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How the mind works

by S. Pinker
Annals of the New York Academy of Sciences ()
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Abstract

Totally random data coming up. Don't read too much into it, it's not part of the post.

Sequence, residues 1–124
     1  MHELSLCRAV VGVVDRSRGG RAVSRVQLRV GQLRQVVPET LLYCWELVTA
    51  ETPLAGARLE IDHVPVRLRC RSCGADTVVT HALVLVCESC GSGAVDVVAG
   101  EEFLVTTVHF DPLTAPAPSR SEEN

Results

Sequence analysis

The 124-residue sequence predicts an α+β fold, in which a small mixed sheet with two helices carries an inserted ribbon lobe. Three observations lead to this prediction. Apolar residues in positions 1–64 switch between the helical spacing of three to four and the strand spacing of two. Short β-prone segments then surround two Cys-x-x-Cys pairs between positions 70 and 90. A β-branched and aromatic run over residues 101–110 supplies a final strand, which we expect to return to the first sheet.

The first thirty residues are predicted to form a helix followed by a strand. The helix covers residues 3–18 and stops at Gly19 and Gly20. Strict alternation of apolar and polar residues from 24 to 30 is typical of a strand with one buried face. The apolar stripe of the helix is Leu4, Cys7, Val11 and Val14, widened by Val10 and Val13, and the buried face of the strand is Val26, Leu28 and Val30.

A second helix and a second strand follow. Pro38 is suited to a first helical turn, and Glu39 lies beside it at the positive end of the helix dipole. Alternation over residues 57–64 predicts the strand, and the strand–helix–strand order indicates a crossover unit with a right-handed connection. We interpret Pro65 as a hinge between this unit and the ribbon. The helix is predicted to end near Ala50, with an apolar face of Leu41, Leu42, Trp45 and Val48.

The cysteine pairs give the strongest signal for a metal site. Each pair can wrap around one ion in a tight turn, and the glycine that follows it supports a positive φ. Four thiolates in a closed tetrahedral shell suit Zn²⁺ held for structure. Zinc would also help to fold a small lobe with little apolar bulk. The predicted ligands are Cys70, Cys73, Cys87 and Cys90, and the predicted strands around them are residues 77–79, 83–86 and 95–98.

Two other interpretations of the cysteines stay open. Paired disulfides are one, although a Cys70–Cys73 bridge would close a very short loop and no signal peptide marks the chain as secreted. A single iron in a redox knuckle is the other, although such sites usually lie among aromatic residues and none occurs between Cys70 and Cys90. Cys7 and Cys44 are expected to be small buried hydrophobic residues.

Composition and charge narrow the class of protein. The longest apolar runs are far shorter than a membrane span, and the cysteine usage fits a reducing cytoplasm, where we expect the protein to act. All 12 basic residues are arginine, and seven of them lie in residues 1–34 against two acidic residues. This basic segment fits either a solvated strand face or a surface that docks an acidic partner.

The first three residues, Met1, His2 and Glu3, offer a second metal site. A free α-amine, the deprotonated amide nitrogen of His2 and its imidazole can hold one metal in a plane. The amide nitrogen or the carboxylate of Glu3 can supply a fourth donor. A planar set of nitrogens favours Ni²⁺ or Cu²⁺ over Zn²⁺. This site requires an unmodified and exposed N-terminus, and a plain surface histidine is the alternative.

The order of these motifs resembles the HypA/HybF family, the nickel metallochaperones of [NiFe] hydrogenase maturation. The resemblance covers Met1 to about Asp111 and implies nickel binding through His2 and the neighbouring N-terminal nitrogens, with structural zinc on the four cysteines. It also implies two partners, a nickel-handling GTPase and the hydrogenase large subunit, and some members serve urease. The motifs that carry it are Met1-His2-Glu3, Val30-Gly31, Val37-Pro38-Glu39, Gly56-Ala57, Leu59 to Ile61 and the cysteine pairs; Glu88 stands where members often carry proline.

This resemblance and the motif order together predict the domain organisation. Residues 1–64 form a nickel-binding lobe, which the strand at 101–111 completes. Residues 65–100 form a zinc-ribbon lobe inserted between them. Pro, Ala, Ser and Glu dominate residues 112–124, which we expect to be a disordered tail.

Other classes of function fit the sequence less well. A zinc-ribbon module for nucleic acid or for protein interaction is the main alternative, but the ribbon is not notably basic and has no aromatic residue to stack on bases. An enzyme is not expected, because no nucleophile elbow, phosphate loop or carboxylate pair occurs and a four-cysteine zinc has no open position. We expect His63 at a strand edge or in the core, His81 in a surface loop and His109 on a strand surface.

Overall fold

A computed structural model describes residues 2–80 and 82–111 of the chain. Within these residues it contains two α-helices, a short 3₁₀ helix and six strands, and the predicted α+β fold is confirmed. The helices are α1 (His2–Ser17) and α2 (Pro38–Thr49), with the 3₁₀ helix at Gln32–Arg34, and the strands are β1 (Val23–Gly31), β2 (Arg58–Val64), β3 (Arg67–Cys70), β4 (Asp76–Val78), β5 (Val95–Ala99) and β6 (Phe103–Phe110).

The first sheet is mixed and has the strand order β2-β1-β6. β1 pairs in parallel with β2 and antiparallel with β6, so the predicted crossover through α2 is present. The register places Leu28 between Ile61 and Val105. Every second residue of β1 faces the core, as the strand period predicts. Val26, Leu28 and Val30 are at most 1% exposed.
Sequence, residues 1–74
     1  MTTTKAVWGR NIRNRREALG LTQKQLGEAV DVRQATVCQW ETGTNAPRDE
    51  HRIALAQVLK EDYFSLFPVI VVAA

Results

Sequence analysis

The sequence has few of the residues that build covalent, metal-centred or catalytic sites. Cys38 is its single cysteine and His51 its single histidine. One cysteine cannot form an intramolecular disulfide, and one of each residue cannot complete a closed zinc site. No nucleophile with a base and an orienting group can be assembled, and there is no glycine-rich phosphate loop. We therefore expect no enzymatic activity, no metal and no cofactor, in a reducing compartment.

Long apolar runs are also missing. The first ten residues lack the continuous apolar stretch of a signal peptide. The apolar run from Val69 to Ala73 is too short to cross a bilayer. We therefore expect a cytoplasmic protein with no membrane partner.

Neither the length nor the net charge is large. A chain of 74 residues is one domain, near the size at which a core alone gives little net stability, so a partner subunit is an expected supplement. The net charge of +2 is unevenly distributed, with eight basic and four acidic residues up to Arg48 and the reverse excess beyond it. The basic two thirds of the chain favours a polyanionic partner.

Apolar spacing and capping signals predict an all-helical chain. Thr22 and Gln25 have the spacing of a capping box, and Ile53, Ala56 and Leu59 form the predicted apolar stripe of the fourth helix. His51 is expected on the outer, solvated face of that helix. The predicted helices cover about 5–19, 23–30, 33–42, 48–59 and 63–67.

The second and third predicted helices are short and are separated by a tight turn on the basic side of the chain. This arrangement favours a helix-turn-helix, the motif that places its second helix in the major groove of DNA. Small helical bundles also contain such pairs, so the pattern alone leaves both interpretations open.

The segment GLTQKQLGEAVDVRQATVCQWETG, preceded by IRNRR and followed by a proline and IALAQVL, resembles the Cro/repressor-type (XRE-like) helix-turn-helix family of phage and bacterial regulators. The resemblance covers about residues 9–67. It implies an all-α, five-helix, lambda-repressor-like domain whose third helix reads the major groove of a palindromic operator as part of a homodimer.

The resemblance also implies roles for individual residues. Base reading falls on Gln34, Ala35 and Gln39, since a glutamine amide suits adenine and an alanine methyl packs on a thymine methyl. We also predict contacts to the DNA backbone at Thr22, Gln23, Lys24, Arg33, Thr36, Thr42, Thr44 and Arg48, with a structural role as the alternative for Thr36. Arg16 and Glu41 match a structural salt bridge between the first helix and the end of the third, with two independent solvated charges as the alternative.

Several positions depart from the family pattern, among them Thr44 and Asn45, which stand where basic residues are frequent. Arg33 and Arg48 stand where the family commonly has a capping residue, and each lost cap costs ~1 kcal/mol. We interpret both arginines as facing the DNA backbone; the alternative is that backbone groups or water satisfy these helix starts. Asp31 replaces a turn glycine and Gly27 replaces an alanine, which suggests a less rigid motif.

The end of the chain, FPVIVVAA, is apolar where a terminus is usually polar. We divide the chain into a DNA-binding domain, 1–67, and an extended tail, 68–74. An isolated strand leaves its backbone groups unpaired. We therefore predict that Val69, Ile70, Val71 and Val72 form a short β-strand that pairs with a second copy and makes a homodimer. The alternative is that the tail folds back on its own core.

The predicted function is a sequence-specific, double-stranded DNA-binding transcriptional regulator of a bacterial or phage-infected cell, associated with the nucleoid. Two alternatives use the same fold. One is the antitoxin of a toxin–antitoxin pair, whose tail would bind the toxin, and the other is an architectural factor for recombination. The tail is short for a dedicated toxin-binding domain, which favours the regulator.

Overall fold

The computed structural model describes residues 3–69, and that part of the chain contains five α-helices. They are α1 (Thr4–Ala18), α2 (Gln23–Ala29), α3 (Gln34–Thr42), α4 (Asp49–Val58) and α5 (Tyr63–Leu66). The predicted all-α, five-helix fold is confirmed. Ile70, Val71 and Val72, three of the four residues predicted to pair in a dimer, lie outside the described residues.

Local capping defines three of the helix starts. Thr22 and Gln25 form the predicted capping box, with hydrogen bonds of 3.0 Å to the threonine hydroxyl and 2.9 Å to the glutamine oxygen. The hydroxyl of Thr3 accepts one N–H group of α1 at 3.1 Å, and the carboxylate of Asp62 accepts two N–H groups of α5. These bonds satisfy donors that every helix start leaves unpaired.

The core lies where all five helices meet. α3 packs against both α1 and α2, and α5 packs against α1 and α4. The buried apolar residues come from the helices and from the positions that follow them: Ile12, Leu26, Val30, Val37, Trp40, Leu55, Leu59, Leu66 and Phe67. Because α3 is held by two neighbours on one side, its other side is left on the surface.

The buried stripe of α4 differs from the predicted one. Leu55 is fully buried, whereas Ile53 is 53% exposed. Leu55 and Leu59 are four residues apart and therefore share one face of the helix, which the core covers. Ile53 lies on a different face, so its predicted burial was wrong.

Psychology theory suggests that current investors are unlikely to be impartial in their acquisition of information regarding a currently held position after receiving information that casts doubt on the profitability of the position. This study examines whether the favorability of initial information an investor receives subsequent to taking an investment position moderates his acquisition of additional information regarding that position. A web-based experiment indicates that participants generally choose to view information based on its credibility. However, the majority of information chosen by participants initially receiving unfavorable information supports the investment position they chose at the beginning of the case. Moreover, participants receiving unfavorable information prefer to view lower-credibility, preference-consistent information at a similar rate to higher-credibility, preference-inconsistent information. Given a psychological need to support a previous investment decision, participants forgo a certain amount of credibility in the information they gather to confirm their belief in their investment position.

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